Here first is a cautionary tale on how not to fight the IRS on the matter of tax debts. That would be the story of tax protestors, Ed and Elaine Brown from New Hampshire. They are now residing in rent-free housing provided for by the U.S. Government. It’s just not the kind of housing that you’d ever want. Their story is one of protest against the IRS and the Federal Government, and not only tax evasion, but later, after their convictions, armed resistance to the Federal Marshals who were summoned to take them to jail.
I was recently struck by the plight of their 100-acre New Hampshire residence that cannot be auctioned off by the U.S. Marshals due to the claim of Mr. Brown that the property is extensively booby-trapped with explosives. (that would make for an entertaining Seller’s Disclosure Statement).
Read more about their plight here.
Alright, now that we’ve discussed the way not to approach your IRS tax problems, what are some better solutions?
1) we contact the IRS to get all tax account transcripts to see the status of each tax return for each year in question;
2) after reviewing the transcripts, we can see if there are any un-filed tax returns;
3) for those returns that are un-filed, we obtain from the IRS all the wage and income information (W-2s and 1099-s, for example) for each tax year;
4) prepare the returns and file them as soon as possible to minimize late filing penalties, and to get the taxes assessed by the IRS;
5) once the returns are all filed, make sure that the current taxes are being properly withheld or that estimated tax payments are being made; remember that any Offer-in-Compromise or Installment Agreement can be rejected if someone falls behind on their current tax obligations;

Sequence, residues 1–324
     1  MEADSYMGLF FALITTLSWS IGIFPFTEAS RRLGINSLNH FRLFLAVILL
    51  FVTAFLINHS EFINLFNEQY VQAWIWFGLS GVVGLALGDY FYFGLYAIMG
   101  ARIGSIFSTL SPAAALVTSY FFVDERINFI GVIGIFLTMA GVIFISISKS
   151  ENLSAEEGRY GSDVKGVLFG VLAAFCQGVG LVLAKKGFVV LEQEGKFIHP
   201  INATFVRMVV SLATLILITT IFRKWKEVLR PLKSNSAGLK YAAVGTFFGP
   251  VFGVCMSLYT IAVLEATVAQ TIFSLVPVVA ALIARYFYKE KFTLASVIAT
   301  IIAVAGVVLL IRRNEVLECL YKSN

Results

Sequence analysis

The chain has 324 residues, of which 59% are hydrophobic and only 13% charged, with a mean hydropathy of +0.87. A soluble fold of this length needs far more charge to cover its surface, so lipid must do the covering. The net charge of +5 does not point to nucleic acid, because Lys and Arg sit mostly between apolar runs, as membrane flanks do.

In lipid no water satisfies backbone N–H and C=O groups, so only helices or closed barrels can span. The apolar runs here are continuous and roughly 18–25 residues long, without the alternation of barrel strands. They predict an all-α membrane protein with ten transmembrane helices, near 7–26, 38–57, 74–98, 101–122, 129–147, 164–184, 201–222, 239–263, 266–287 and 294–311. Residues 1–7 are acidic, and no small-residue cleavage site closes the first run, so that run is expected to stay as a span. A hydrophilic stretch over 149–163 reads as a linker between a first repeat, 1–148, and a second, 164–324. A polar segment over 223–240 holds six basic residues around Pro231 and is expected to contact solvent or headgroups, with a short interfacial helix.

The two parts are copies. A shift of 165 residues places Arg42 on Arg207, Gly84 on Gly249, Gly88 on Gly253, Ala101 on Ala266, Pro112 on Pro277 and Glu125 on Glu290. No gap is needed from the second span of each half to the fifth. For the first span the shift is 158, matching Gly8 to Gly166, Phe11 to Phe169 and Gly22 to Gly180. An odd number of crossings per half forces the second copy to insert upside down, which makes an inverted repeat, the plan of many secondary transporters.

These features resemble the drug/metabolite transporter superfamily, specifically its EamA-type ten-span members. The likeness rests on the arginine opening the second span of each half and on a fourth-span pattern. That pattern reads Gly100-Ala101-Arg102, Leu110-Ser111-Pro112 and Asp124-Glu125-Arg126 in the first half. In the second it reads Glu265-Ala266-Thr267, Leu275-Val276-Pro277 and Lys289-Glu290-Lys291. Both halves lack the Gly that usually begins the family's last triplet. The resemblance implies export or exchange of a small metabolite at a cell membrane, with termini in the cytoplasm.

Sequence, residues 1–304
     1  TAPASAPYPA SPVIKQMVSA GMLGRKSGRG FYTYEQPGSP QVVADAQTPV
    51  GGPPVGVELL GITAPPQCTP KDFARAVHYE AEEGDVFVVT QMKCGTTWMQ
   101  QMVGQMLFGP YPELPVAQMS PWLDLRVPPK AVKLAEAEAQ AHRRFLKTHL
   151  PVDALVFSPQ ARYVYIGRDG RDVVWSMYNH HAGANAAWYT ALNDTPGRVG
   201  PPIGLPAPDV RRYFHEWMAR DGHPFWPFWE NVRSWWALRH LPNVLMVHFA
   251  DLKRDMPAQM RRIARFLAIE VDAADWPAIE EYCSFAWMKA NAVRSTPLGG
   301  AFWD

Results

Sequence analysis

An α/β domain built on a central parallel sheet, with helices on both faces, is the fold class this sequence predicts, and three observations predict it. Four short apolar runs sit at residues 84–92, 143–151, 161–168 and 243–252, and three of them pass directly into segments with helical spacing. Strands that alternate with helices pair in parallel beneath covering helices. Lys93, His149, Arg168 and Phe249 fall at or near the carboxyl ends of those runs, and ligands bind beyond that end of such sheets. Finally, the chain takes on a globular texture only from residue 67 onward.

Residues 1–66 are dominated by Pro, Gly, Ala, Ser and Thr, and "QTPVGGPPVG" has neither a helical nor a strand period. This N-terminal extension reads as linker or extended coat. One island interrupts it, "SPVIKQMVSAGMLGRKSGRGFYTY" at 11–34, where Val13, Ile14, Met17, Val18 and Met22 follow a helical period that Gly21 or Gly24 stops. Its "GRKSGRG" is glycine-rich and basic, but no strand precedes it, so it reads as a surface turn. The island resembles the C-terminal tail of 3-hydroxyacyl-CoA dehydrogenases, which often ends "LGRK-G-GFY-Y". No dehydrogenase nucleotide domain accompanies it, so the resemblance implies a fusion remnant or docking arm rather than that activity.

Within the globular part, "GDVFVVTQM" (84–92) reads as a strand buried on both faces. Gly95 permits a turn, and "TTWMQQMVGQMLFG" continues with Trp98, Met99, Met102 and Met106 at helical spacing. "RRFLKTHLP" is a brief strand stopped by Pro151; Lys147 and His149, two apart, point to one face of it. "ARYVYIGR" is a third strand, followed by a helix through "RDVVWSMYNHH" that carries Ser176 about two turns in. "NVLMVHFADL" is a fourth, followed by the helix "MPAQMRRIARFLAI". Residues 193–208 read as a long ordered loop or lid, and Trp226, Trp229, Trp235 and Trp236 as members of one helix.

I’ve outlined the requisite steps for achieving “IRS tax compliance”. Once you’ve gotten to this point, then you can move forward on the best strategy, such as an Installment Agreement, an Offer-in-Compromise, or applying for Uncollectible Status.
But any strategies can be changed at some point in the future due to your financial circumstances changing. Let’s say that you have $50,000 in income tax debt, but you have a very healthy salary. As a result, maybe you’re not a good candidate (due to your good income) for an Offer in Compromise. Therefore, you start off on an Installment Agreement (this is a plan to repay the IRS taxes over a 72 month period). But maybe 2 years into your Installment Agreement, you fall ill and can no longer work. At that point, perhaps you’ve become a good candidate for an Offer in Compromise, and can then settle the tax debts for pennies on the dollar.
Your circumstances can change, but the IRS will first insist upon tax compliance before it will consider any payment alternatives.
If you have questions, please leave them in the comments section below. Thanks.